Tuesday, November 17, 2015


By Bernard James Mauser, Ph.D.

The buzzword in Christian apologetics is worldview. People spanning the theological spectrum recognize the importance of viewing the world through a proper lens. The emphasis is on making sure that everything that is thought and done is seen in light of what God has revealed.

One would think that Friedrich Nietzsche, one of the leading atheistic philosophers, would have no influence on worldview thinking. To say that he does would appear to be a sinister plot to undermine the faith and ministry of many substantial Christian leaders. This judgment would be mistaken. We can avoid the pitfalls of Nietzsche once we realize how he has affected worldview thinking, and yet still cling to all those aspects of worldview thinking that are good and true.

Nietzsche lays the foundation of an approach to knowledge that is radically relativistic. He is the father of Perspectivalism. Perspectivalism says that people are completely limited to their perspective. Note the parallel in worldview thinking. Those in various circles say that a person’s interpretation of reality is completely seen through a particular lens (this is simply defined as worldview thinking).

Here is the problem. If worldviews determine how one interprets all of reality, then the ‘notion of worldview’ is determined by one’s worldview. Consequently, the notion of worldview is relativistic. If one’s worldview does not determine the ‘notion of worldview,’ then there are aspects of reality that aren’t determined by worldview. Either worldviews determine how one interprets all of reality or it doesn’t. Therefore, the notion of worldview is determined by worldview (which is consonant with Nietzsche’s Perspectivalism and relativism) OR there are aspects of reality not determined by worldview (in which case we have to find which truths that span all worldviews we can use to judge between them).

This analysis does not rule out the positive things worldview can give us. The lens by which we decide things can certainly be helpful. However, as a starting point for knowledge, ‘worldview’ is not able to answer aspects of reality everyone recognizes (regardless of worldview). The primary focus in of our search for truth is reality. Once we discover what is real, then we can decide which worldview best corresponds to reality. 

Monday, November 2, 2015

A Christian Analysis of Halloween

A Christian analysis of Halloween

By Bernard James Mauser, Ph.D.

In pop culture Halloween is said to have connections with the occult, witchcraft, and pagan practices. Aware of this, some parents are weighing whether to allow their children to participate in Halloween. The great concern here has nothing to do with increased cavities, hyperactivity, childhood obesity, or candy laced with drugs or razors. It does have to do with a more ominous evil commonly associated with Halloween.

Those in the Judeo-Christian tradition place great importance on the historical events that mark many holy days. Christians celebrate the birth of the God-man Jesus each year during Christmas (Mt. 1). They celebrate the anniversary marking the death and resurrection of Jesus during Easter (Jn. 19-20). God has mandated that the Israelites remember the Passover each year (Ex. 13). The history of each of these marks something significant about what God has done for His people. It is the origin of each of events that accounts for the corresponding holidays (which is derived from holy days).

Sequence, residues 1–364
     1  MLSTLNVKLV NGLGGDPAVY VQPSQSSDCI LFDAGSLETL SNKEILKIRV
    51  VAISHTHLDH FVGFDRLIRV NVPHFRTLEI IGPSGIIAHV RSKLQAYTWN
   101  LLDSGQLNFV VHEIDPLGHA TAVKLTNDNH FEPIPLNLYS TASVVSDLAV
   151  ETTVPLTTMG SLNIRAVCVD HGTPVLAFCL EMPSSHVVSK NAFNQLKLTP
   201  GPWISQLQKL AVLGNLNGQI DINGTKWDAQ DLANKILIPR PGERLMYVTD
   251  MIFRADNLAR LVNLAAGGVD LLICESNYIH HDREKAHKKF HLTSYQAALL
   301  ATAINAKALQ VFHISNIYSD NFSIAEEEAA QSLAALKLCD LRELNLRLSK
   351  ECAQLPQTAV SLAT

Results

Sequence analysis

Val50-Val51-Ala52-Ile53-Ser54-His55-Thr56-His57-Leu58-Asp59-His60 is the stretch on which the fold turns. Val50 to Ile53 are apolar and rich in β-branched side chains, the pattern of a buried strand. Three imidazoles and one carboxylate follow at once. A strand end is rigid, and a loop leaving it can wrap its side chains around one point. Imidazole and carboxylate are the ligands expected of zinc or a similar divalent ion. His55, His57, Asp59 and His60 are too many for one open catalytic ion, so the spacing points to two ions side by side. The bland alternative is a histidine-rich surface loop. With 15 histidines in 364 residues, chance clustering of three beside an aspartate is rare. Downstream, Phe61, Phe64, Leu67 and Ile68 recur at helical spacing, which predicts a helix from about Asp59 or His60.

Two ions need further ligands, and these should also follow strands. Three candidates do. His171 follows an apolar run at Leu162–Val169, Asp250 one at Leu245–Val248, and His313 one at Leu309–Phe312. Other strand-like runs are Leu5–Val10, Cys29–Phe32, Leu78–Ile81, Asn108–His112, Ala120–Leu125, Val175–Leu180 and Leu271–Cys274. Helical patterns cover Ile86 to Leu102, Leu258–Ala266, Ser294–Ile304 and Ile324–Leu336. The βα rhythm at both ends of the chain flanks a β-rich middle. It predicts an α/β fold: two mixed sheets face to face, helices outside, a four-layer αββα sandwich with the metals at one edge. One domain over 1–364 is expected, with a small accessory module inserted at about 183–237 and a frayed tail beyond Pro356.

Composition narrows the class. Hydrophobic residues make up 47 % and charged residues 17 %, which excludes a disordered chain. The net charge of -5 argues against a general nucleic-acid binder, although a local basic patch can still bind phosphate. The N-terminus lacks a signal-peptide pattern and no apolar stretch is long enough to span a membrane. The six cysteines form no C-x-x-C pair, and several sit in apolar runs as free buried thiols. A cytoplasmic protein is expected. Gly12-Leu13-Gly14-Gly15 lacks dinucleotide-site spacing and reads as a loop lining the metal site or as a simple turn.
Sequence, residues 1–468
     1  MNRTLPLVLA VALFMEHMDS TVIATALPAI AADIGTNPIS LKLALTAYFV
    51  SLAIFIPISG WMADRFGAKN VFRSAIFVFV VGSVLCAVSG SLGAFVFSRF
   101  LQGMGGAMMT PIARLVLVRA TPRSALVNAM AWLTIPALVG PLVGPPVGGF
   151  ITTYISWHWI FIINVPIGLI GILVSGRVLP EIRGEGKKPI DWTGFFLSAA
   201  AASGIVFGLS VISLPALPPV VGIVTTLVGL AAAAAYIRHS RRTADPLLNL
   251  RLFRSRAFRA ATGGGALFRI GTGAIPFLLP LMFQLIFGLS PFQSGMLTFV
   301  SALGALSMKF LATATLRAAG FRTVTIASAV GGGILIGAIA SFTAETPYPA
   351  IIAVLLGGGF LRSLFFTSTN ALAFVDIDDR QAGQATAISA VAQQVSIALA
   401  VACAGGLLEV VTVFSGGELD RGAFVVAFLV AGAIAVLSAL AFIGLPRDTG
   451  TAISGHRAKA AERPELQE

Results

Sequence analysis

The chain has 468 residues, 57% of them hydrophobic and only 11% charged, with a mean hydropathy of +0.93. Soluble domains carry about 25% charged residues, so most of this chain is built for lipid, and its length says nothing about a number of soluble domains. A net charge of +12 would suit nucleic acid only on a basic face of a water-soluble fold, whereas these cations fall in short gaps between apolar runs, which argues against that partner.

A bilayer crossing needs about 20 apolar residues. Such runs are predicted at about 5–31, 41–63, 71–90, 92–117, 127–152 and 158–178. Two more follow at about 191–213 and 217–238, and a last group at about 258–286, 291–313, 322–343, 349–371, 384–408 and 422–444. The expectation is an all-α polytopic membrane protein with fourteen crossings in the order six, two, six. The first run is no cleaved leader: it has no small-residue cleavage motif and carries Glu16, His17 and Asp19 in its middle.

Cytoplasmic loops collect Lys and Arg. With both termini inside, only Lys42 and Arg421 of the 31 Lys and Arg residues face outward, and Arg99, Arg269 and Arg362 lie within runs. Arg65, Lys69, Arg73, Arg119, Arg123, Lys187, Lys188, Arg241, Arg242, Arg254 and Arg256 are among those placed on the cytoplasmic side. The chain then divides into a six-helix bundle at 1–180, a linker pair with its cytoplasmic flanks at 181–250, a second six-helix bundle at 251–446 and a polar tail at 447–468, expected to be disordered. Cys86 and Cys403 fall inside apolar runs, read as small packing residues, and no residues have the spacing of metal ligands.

Given this background for other days of celebration mentioned, what is the origin of Halloween? This question is not as simple as it may seem. The reason is only partly because of the difficulty in finding the origin documented in reliable historical sources. A greater difficulty comes from what the word Halloween means. Let me illustrate the difficulty with another example. If I ask, “What is the origin of the mouse?” You’d have to ask what do you mean by mouse (i.e., what are you referring to when you say mouse)? Do you mean the peripheral that allows me to move the cursor on my computer, or do you mean that little creature that cats like to chase? Halloween also has several meanings, such as:

1.     The origin comes from the Celtic festival Samhain (pronounced sah-win) once used to celebrate summer’s end. TO THE CELTS, this day marked the end of the harvest (which gave life), and the beginning of the time of death (of crops, vegetation, some animals, and sometimes human) due to the cold of the winter season. Some Celts also saw this as a time of increased ability for divination.
2.     It is used to signify the medieval Church’s celebration the day before All Saints Day or All Hallows Day to honor the memory of saints in heaven. November 1 is All Hallows Day and October 31 was All Hallows’ Eve.
3.     It refers to the day where, in accordance with what certain leaders planned, there are no religious overtones where community comes together to celebrate in a way to limit vandalism  (‘trick-or-treat’ is an American contribution that started in the second half of the 19th century which combined traditions of various cultures).  Community leaders did this to limit the ‘tricks’ and emphasize the ‘treats.’

So, given the various meanings, which do Christians want to avoid?

Certainly Christians ought to avoid the first meaning if they celebrate. Of course, its highly questionable that Christians are engaging in Halloween as understood in this first meaning today. What is left? The second and third ways of understanding in order to celebrate are in no way problematic.

Wait a second, isn’t there a link to the demonic in the first way that can be suggested in the other ways? This is the argument some make. If this is the case, it should be taken seriously. Why? The reason is clearly because occultism is condemned in Scripture. Whoa… wait a minute… lots of things are condemned in Scripture.

I think we can all agree that if Scripture says something is bad we should avoid it. What are some things that are forbidden for Christians EVERY day of the year- and not just Halloween?